jailed in Houston in 1976, for taking part
in an anti-Shah demonstration in front
of the French Consulate.
"I don't think there is any freedom for
women in the Koran," she says. "Where
are the examples of this freedom in
Iran? Just try and go before a court of
imams and get a divorce—impossible.
And it was the same under the Shah,
Ahia says that 80 percent of the
people fought to remove the Shah
because they were poor and hungry.
They didn't fight for religion. She
believes religion and government should
As Nancy Hormachea says, "What is
Islamic government? We don't know what
it is. Certainly as it exists in Saudi Arabia,
it is terrible. If the Islamic government
continues for any length of time in Iran,
I believe that women will be in for a
Both Ahia and Hormachea resent
American feminists picking up the
chadoor and making it the most significant issue. "American feminists make
too much of the veil. There are other
more significant issues in Iran today,"
She is not alone in her claim. Ferneal
quotes an Iraqi feminist as saying, "Com-|
pared to the real issues that are involved
between men and women in the Middle
East today, the veil is unimportant."
Fernea also quotes a Moroccan linguist
who says "My mother wears a djellabah
and a veil. I have never worn them. But
so what? I still cannot get divorced as
easily as a man and I am still a member of|
my family group and responsible to them
for everything I do. What is the veil? A
piece of cloth."
Hormachea explains that before the
revolution, the women's movement
existed only in Iran's upper classes. But
the massive move to oust the Shah united
upper, middle and lower class women for
the first time.
"Some of the most revolutionary
women I knew wore the chadoor and hid
their machine guns and grenades under
it. It became a symbol of the resistance
against the Shah and an ethnic symbol as
well. Also, many of these women,
although they were participating in a
revolution, were still semi-feudal in men
For these women, she says, the veil is a
divisive issue—because upper-class women
were able to travel and see another way
of life. They had the luxury to choose
not to wear the veil. Lower-class women
never had the opportunity, she points
"Lower-class women not only could
not choose, they don't know how to read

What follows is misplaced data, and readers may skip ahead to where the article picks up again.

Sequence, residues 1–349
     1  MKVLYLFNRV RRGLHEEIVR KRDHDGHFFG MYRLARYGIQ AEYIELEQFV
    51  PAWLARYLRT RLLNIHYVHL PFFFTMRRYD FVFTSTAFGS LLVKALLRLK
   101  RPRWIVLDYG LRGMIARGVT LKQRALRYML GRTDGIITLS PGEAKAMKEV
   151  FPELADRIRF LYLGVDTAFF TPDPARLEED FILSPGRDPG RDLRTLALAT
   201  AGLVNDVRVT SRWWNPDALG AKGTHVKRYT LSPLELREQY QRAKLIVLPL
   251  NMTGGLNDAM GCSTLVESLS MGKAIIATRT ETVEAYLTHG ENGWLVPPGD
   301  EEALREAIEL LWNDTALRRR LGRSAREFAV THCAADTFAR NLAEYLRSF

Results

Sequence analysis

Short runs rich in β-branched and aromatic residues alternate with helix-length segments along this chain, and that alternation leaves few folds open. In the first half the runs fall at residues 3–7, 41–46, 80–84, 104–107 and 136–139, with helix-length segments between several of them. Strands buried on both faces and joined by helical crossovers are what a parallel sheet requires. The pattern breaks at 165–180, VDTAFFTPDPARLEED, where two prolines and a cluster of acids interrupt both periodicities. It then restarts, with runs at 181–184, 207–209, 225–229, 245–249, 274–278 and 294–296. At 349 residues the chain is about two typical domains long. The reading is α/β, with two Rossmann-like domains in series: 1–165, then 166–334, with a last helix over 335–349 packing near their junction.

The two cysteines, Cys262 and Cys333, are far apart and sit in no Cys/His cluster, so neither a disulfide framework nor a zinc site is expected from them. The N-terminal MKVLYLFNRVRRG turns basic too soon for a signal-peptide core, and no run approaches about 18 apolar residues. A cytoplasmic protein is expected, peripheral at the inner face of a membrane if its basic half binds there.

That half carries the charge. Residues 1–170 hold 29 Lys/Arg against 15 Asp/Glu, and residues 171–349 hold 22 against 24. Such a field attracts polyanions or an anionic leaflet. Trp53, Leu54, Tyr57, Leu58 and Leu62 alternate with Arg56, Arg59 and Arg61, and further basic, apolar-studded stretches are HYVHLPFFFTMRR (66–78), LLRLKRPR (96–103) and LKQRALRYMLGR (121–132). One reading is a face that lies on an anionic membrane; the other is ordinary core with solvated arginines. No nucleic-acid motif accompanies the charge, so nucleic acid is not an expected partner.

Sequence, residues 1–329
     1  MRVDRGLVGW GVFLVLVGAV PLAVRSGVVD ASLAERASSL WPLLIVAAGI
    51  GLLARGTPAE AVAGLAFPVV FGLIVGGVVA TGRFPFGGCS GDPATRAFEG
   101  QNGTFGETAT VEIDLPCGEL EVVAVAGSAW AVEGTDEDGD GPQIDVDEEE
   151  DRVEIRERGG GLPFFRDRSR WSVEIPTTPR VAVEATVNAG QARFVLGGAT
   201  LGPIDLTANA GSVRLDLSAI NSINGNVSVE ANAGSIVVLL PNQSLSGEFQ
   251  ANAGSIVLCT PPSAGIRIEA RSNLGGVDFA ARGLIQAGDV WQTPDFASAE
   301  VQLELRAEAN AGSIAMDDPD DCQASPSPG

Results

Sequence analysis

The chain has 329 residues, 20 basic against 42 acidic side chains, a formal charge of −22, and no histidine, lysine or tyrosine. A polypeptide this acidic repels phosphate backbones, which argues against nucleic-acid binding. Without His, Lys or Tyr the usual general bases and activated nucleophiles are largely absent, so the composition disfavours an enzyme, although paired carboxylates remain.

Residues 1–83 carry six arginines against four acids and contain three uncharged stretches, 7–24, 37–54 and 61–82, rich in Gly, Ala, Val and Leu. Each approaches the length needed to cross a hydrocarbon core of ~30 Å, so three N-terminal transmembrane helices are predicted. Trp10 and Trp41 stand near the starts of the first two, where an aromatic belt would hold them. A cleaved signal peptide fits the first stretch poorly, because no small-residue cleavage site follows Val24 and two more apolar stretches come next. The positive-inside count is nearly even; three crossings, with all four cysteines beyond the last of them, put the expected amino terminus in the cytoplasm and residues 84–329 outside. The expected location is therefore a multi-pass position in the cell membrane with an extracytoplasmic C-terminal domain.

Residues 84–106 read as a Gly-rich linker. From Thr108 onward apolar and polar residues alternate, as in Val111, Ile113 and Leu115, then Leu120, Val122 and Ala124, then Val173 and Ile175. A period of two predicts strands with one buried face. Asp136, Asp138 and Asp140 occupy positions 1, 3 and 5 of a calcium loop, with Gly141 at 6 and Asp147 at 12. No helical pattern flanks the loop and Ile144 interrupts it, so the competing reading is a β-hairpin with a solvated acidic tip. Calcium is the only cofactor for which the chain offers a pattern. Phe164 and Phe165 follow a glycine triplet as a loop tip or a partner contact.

or even what the concept of freedom is.
They have been exploited by the Shah,
their husbands and the upper classes.
Because they don't understand what it's
like not to wear the veil and all it repre
sents, they would resent any woman telling them not to wear it," says Hormachea.
Ahia adds that while she would never
want to be forced to wear the veil—she
believes every woman should make her
own personal choice.
"My grandmother told me of the days
when the Shah's father abolished the veil.
He had police stationed at streetcorners
ripping off veils—that is not freedom
either," she says.
If wearing the chadoor is the only way
to raise women's consciousness and enlighten them to their rights—Ahia says
that she would do it. She believes that
once the women become aware of their
rights, the chadoor will die a natural
So, what are the significant issues to
Hormachea and Ahia? Both of them
stress the importance of women working
outside the home. As Ahia says, "If you
taKe away the chadoor and the women
stay at home, what good is that?"
Women should be encouraged to take
jobs as teachers and nurses, jobs that
involve them in running the country—although Hormachea adds, not necessarily
in the provisional Khomeini government because, "it is not in the best interests of women."
Women are still considered only half a
person, Ahia says. To marry or divorce
they need their family's permission. a|
woman cannot leave the country without]
her husband's permission. Women are
excluded from many jobs, such as work
in the oil fields. All this must be changed,
In the wake of the recent fighting,
Hormachea says a group was formed
called the "Zans-e-Mobarez," or the